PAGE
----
STS-86 Day 10 Highlights
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- On Saturday, October 4, 1997, 8:00 a.m. CDT, STS-86 MCC Status Report # 18
- On the 40th anniversary of the launching of the Sputnik satellite to
start the Space Age, Atlantis' astronauts are readying themselves and
their vehicle for a return trip to Earth, with landing scheduled for
5:59 p.m. central time Sunday.
- This morning, Commander Jim Wetherbee, Pilot Mike Bloomfield and
Mission Specialist Scott Parazynski will perform the routine checks of
Atlantis' flight control systems and surfaces to ensure their vehicle
is ready to support landing operations. Wetherbee and Bloomfield also
will conduct a hot-fire test of the reaction control system jets.
- Most of the crew's day will be devoted to stowage activity as the
astronauts configure Atlantis for reentry. The astronauts will ensure
that all of the items transferred from Mir are properly secured in the
Spacehab module and also will begin the process of stowing much of the
hardware and equipment they have used over the past several days in
orbit. In addition, Parazynski and Mission Specialist Vladimir Titov
will put away the tools and the spacesuits they used during last
Wednesday's five-hour excursion outside the space station.
- Wetherbee and Mission Specialist Jean-Loup Chretien will take a
break from their activities today to talk with French reporters and
schoolchildren in Paris at 2:34 p.m. central time. At the conclusion
of that event, the entire STS-86 crew will talk with a four-member
team living in an air-tight chamber at the Johnson Space Center. That
team began a 90-day test of a regenerative life support system on
September 19th, using a combination of physical, mechanical and
biological methods to recycle their air and water.
- On Saturday, October 4, 1997, 8:00 p.m. CDT, STS-86 MCC Status Report # 19
- Atlantis is set to conclude its voyage in space at 5:59 p.m. Central
time Sunday at the Kennedy Space Center.in Florida, following this
morning's checkout of systems that will be used during reentry and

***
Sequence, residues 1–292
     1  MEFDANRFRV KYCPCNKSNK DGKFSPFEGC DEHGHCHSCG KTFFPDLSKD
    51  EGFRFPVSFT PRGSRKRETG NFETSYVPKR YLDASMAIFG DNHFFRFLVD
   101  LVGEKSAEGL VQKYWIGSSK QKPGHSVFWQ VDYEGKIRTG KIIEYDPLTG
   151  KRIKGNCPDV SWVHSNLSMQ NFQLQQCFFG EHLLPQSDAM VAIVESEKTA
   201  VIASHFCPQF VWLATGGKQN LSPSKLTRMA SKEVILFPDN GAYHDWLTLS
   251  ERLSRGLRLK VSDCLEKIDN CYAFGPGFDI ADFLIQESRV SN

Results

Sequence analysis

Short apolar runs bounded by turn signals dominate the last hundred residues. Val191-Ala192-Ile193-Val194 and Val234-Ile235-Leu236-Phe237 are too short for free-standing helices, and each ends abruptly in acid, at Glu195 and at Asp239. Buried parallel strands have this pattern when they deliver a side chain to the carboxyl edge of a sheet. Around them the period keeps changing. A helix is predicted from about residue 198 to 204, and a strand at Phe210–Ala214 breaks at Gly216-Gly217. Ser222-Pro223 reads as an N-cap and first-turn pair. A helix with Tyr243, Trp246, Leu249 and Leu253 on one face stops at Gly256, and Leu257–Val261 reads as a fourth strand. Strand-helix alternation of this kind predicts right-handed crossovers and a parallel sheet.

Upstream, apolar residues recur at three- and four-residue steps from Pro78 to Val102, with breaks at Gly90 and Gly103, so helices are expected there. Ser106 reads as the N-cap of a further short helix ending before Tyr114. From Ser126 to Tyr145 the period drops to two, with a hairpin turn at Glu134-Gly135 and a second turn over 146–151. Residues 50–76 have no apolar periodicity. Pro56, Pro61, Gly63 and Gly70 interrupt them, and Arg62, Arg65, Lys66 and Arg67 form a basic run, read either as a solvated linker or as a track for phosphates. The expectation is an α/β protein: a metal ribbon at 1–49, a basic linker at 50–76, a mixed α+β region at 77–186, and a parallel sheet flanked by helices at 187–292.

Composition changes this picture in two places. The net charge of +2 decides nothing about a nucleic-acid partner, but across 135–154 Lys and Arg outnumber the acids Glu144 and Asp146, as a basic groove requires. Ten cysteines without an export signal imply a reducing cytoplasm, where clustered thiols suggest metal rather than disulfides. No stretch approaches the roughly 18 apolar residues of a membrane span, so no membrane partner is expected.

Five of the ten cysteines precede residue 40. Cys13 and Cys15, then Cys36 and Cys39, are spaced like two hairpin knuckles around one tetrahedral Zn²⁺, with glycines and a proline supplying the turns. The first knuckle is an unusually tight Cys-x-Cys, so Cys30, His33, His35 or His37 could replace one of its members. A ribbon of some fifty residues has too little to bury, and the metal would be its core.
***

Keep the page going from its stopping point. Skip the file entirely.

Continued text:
landing. Weather forecasters will be closely monitoring wind
conditions at KSC which are expected to be near the cross wind limit
at the Shuttle Landing Facility runway, but generally favorable
conditions are anticipated for both landing opportunities available to
KSC tomorrow. The backup landing site at Edwards Air Force Base,
California is not being considered for a Sunday evening homecoming.
- Commander Jim Wetherbee, Pilot Mike Bloomfield and Mission
Specialist Scott Parazynski spent the morning testing Atlantis' flight
control surfaces and thruster jets to ensure they are ready to support
the Shuttle's high speed return to Earth.
- A good part of the astronauts' final day on orbit was devoted to
stowing equipment and finishing experiment work in the SPACEHAB module
in the cargo bay. The crew will go to bed this evening at 10:34
p.m. Central time for an eight-hour sleep period which will end with a
wakeup call from Mission Control at 6:34 a.m. CDT.
- Earlier today Wetherbee and Mission Specialist Jean Loup Chretien
had an opportunity to talk with French news media and school children.
Following that conversation, all six crewmembers talked to four test
subjects in an advance life support test underway at Johnson Space
Center in Houston. The test team entered a closed chamber in Houston
September 19 and will remain sealed inside until late December
evaluating the effectiveness of regenerative life support systems that
could be used for extended space missions.
- Deorbit preparations will begin just before 1 p.m. CDT Sunday
followed a little less than 90 minutes later by closing of Atlantis'
payload bay doors at about 2:11 p.m. The astronauts are scheduled to
don their launch and entry suits shortly before 3 p.m. Entry Flight
Director Linda Ham is expected to poll the flight control team for the
final decision for the deorbit burn 20 minutes prior to the planned
firing of Atlantis' orbital maneuvering system engines at 4:52 p.m.
- In addition to all of the items being brought back from the Mir
Space Station, Atlantis is ferrying home astronaut Mike Foale, who is
returning to Earth after 134 days on the Mir. If Atlantis lands as
planned Sunday, Foale will have logged 144 days in space on this
flight, the second longest single spaceflight by a U.S. astronaut
behind the record 188-day stay in orbit by Shannon Lucid last
year. Foale's replacement on the Mir, David Wolf, is continuing his
work with his two crewmates with the Russian orbiting facility.
- Atlantis continues to orbit the Earth every 90 minutes in excellent
condition at an altitude of about 230 statute miles.
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